RAML: variable endpoints in different clients on an SAAS platform


#1

I am looking for someone who has ideas on how to best manage varying endpoints for different clients in an SAAS.

For example, in a platform that does vehicle sales, imaging several clients that have endpoints for vehicles, grouped by type

/vehicles/cars
/vehicles/trucks
/vehicles/boats
/vehicles/airplanes

but some apps in the platform only have cars, or boats, not the other two, and some have /bicycles - it totally depends on what is setup in their database.

My api is setup by client - so it is really:

/joescars/vehicles/cars
/joescars/vehicles/trucks

/northsideauto/vehicles/cars
/northsideauto/vehicles/motorcycles

My specific question is - how can I use RAML to model the api for my system(s) - for the different clients? Is the only way to do it using auto-generated raml? Which means writing code to get RAML?

Building the variability in the api is relatively easy, for example in express, with parameters:

/:clientname/vehicles/:vehicletype

Are there similar approaches using RAML?

I’ll admin I’ve only read the 100 and 200 tutorials - but don’t want to become an expert before finding out I can’t do this.

I will also be asking a follow-up - what about variable fields, and creating example responses? For example, some dealerships might provide make, model, and color at the cars endpoint - another make, model, cost, and condition or something.

Anyone with experience in this area - looking forward and thanks in advance.


#2

Is the only way to do it using auto-generated raml?

I think you’ll find RAML even more useful the other way around. That is, modeling your API using RAML first, and then either generate your code based on or ensure you hand-written code complies with your RAML API specification.

RE: “parameters”, RAML provides a way to do exactly what you describe, in a similar fashion to what Express provides, here’s the link to the relevant section of the specs.

RE: “variable fields”, you’ll want to check-out the type system referred to as RAML data types introduced in RAML 1.0. It is a concise, powerful and reusable way to describe fields/properties/schemas that can be reused and extended throughout the different parts of your API definition such as headers, requests and responses.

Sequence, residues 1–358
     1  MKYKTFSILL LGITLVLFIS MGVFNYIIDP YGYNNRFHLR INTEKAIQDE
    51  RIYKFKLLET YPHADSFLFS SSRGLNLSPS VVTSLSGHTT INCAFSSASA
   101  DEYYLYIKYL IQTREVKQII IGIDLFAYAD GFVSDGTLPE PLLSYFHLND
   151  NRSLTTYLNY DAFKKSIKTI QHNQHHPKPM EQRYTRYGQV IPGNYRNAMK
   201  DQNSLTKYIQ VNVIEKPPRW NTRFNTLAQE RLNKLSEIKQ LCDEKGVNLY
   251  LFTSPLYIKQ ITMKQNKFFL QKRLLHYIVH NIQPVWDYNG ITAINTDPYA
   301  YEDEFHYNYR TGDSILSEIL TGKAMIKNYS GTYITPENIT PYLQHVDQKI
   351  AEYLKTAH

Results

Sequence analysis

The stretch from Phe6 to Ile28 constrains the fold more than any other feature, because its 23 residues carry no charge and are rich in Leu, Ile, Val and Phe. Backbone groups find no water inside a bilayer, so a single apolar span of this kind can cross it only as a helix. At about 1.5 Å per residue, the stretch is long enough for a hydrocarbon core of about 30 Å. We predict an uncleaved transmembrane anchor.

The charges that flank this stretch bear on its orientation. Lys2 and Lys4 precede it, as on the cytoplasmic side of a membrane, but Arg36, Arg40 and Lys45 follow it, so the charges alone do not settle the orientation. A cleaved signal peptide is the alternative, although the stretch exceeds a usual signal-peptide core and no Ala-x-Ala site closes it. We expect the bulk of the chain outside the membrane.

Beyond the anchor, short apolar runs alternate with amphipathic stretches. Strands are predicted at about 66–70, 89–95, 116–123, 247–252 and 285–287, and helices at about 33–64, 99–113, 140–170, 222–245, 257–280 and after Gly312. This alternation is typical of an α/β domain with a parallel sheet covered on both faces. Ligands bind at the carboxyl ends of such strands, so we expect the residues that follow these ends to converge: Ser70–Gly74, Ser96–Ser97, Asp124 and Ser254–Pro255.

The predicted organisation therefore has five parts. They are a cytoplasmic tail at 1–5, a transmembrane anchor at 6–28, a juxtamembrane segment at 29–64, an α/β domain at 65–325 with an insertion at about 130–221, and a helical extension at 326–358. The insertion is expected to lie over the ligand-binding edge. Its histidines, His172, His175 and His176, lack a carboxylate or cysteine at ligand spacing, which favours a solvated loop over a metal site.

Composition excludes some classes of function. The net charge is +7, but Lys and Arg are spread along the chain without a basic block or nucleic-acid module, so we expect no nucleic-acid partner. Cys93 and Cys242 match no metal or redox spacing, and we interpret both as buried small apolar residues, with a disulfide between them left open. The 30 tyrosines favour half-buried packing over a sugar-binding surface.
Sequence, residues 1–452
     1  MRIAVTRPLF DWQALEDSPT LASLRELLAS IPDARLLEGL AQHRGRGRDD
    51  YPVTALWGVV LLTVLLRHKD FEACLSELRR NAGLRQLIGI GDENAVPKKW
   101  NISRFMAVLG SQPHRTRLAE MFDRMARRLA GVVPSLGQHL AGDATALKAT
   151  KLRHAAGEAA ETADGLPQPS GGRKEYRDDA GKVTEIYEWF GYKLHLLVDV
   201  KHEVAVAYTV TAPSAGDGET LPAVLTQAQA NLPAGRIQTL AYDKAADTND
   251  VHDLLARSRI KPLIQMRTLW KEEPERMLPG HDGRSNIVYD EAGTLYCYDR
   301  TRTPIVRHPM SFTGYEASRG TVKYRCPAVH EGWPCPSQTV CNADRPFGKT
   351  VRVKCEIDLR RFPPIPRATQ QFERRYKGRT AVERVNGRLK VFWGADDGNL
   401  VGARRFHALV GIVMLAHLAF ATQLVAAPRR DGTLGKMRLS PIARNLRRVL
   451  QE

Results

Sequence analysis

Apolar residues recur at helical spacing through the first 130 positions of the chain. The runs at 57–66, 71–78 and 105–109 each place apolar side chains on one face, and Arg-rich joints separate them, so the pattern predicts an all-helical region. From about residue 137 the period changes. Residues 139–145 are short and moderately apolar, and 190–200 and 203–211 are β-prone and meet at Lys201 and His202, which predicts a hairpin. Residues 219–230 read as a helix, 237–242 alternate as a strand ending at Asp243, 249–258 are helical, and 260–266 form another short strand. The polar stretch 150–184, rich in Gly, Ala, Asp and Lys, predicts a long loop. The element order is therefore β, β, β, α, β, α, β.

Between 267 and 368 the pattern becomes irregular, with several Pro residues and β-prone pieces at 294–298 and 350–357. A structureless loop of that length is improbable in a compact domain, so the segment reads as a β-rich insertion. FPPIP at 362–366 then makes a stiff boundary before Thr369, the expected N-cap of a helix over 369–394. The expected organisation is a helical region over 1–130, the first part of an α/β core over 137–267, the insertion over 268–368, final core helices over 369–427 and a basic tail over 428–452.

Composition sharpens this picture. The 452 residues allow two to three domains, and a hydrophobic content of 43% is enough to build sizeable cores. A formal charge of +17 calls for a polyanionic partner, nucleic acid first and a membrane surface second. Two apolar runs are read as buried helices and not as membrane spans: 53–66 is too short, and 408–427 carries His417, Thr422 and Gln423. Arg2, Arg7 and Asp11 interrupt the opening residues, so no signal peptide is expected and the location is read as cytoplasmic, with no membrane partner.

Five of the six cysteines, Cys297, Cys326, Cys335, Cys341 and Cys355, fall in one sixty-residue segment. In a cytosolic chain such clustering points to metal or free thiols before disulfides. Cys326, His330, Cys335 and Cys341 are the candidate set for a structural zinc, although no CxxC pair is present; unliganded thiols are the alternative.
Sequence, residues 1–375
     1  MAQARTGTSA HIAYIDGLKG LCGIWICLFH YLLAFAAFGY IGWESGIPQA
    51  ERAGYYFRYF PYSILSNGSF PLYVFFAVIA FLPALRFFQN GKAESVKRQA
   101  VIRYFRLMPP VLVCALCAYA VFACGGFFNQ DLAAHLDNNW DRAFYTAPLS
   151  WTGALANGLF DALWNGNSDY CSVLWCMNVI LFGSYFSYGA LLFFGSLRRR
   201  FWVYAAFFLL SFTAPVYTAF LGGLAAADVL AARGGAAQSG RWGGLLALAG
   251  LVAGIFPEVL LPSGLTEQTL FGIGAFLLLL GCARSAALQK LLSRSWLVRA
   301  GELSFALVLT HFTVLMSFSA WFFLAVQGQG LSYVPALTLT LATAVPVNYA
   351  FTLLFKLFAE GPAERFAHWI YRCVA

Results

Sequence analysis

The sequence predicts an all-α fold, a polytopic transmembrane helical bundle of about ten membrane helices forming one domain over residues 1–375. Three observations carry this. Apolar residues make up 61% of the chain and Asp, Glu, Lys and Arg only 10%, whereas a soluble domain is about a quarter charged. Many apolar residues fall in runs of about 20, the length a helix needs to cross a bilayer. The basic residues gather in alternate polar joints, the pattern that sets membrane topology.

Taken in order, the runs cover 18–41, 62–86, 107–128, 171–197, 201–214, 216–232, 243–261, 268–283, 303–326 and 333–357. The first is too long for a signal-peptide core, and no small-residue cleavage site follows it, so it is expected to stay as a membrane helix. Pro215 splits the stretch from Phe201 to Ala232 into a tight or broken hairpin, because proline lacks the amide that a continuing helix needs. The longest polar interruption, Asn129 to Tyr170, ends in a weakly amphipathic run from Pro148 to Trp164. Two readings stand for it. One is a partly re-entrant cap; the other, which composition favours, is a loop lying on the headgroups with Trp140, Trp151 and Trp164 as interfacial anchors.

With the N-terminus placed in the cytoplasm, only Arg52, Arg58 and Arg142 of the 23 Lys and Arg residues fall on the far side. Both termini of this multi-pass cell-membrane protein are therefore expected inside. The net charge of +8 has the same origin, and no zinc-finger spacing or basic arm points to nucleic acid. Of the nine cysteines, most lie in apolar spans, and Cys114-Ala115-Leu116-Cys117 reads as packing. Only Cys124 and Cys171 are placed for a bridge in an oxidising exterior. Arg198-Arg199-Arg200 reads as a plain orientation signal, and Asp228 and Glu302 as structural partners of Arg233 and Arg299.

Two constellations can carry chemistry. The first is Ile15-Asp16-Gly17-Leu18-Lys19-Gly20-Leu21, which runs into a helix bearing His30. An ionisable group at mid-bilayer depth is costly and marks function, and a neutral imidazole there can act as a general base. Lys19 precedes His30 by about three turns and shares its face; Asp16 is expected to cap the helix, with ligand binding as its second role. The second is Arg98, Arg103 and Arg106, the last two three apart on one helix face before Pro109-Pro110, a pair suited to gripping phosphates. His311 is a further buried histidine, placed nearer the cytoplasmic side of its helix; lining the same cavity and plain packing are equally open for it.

RE: “example responses”, RAML encourages and facilitates the inclusion of examples in your API specification. In fact it provides a way to not only include one example but multiple examples that can be used in your responses. The relevant section in the RAML spec is here.

Hope that helps!


#3

I think you might be missing the point of the question here - and it is complicated so please hear me out. One client might have 2 vehicle endpoints, cars, boats - one 6 (trucks, vans, bicycles) - each of those will have very different underlying data, different fields in particular. There are 100, or 1000 clients, in a SAAS platform. How would it make sense to use RAML to model the API, that we use to deliver each individual API? The APIs share a codebase - but there is one API in a real sense for each client in the platform, at

mydomain.com/api/--clientName--

and each has commonalities, but many difference. It seems that much or must of the usefulness of writing RAML first is lost - have you worked with such a use-case before? (and if you haven’t but still believe you are right that is fine - I just wonder if you thought far enough through this example to see that the RAML would be much more general than what I’m seeing in typical examples out there as I learn about it - and I don’t know if its usefulness would be lost, and if there is any point to writing it)


#4

The main question here is how much can be reused across all your multi-tenant APIs? i.e. commonalities.

If the answer is “none”, then there is nothing to reuse. Therefor the reusability aspect of RAML - at least “at scale” - is lost and one would need to model these APIs individually. One could still reuse pieces within any of those individual APIs though so the reusability aspect is not totally lost.

If the answer is “a lot”, then RAML would be a great tool for modeling those APIs because it focuses on reusability and offers many features such as resourceTypes, traits, data types, librairies, overlays that allow for writing more with less. This means that you can reuse pieces but also inherit from those pieces in cases where the “differences” are simply additional layers.

My guess is that the reality of your SaaS platform is probably somewhere in between and that while pieces such as headers, requests and responses might be shareable across all your tenants, other pieces might not.

I have personally modeled APIs for a SaaS platform that had tenants in the thousands and this is exactly why we chose RAML back then. We built a “base” RAML and added overlays on top.


#5

Excellent - that answers it perfectly - I will start diving in and learning these aspects of RAML. Thanks much.


#6

Anytime. Feel free to join our Slack workspace [1] if ever you need “live” support :wink:

[1] https://join.slack.com/t/raml-api/shared_invite/enQtMjg2Mzc0MTc4NjI1LWE4MGEwZDg2ZWQyYzI5NWYzNTE0NTU3MTc1MGVjZDE3NGJjZmRmYzlkNGM1NmQ2MTgzMzM0MDEzM2VhNDNmMDE